2. Elliots is worth it for oysters, but they really fall down on their other food, so have dinner elsewhere. I'd skip Monsoon - I had a disappointing brunch there a month ago - the dim sum is limited and eh, they were out of a lot of things, prices are high and there is a lot of attitude. Monsoon's sister resto, the Baguette Box, is awesome for a quick lunch (try the tofu or the steak sandwiches - to die for). If you want brunch, you might try the Boat Street (I love their food).

                            For Vietnamese, you might try Tamarind Tree. They have an extensive menu, nice decor and low prices. Lots of people on CH like Green Leaf, but I think their menu is more limited, their food is just so-so and the decor is standard International District hole-in-the-wall.

                            Caution you to stay away from Mike's Chili Parlor (I don't get it). I am not a big fan of Matt's in the Market (a common suggestion on this board) and absolutely hate Steelhead Diner (another common suggestion here).

                            I second the suggestions of Brasa, Zoe (try the gnudi) and Mora for ice cream on Bainbridge Island (it's awesome), and the farmer's markets (Ballard on Sunday or U-District on Saturday). If you're in Bellevue for happy hour, try 08 seafood grill - they have fun wine flights and the most amazing sashimi scallops. Excellent.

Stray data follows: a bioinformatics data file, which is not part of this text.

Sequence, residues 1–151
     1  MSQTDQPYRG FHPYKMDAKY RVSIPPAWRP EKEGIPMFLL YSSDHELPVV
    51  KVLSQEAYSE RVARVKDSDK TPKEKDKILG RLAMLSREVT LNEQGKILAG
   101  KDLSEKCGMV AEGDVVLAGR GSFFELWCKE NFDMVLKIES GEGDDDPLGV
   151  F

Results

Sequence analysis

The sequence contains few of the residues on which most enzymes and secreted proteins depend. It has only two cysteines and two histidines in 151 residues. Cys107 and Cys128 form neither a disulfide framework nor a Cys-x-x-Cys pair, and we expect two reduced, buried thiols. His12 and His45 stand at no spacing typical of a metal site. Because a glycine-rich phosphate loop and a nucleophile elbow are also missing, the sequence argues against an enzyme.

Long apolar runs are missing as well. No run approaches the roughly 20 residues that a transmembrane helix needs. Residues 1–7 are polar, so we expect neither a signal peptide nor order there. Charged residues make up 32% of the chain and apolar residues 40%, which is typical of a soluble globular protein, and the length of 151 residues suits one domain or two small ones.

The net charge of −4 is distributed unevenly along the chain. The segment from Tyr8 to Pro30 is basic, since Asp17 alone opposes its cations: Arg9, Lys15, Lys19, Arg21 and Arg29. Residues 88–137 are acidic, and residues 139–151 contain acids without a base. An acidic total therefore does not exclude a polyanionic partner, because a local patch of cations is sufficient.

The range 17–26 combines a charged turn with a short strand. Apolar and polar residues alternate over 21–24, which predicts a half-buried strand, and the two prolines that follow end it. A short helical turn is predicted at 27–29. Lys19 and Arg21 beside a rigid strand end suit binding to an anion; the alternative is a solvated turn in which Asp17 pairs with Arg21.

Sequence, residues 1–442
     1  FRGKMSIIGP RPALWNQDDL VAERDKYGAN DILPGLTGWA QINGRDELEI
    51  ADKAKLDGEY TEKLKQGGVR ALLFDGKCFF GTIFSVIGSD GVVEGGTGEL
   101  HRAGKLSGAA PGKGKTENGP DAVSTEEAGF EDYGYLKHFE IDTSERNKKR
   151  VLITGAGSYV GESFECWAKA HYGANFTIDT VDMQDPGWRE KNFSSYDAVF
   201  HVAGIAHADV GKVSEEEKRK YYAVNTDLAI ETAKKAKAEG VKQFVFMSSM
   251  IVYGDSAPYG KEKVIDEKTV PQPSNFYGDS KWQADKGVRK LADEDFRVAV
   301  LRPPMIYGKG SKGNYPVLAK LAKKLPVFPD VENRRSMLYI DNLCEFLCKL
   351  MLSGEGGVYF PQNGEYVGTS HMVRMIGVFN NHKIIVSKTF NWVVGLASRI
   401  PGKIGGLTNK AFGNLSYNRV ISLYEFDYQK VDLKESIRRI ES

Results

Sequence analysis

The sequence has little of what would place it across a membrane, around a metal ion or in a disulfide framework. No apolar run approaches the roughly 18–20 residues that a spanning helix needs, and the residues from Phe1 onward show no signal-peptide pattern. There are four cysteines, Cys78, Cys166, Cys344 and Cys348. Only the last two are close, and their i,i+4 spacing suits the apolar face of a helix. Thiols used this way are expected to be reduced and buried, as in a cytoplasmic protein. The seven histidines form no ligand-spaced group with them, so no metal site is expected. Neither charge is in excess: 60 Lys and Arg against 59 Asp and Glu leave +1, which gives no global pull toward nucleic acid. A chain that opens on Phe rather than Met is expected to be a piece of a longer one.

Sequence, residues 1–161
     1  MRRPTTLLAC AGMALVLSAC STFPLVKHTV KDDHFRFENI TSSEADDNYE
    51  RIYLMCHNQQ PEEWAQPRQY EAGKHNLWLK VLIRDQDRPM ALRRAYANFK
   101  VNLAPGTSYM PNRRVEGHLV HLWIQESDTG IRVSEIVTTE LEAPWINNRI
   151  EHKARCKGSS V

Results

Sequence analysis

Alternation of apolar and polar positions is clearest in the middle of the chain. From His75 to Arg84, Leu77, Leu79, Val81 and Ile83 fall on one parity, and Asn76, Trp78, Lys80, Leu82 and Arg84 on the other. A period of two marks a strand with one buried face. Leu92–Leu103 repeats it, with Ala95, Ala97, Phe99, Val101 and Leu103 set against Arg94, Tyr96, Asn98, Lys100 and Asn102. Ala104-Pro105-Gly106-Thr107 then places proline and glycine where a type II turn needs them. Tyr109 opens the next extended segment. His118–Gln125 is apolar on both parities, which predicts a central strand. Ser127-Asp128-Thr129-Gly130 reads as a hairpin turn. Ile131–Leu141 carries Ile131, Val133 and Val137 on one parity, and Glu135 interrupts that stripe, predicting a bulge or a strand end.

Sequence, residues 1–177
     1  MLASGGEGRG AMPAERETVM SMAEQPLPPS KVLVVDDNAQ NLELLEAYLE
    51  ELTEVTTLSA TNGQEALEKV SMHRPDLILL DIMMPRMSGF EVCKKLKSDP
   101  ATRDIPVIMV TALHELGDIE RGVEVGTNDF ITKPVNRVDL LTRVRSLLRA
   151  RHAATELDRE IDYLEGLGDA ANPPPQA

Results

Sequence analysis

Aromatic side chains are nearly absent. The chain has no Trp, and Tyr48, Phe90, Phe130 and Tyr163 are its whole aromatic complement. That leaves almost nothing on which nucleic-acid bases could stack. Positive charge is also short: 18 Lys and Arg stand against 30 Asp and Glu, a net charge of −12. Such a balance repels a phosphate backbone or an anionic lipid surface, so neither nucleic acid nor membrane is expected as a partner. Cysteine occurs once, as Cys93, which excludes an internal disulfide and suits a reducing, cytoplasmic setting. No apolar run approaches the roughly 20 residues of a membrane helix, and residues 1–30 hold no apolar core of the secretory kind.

Rovers is one of my favorites, although it's a bit pricey. They just started doing brunch and the menu looks good.

                            1. Any of Ethan Stowell's restaurants: How to Cook a Wolf, Union and I tasted a bit at Anchovy and Olive and it was great too.

                              Take him to Paseo for a drippy, delicious, cuban sammich.

                              I havent been - but people are freaking out about Spur.

                              5 Replies
                              1. re: burritobelle

                                Thanks - those restaurants sound interesting - may be worth the splurge.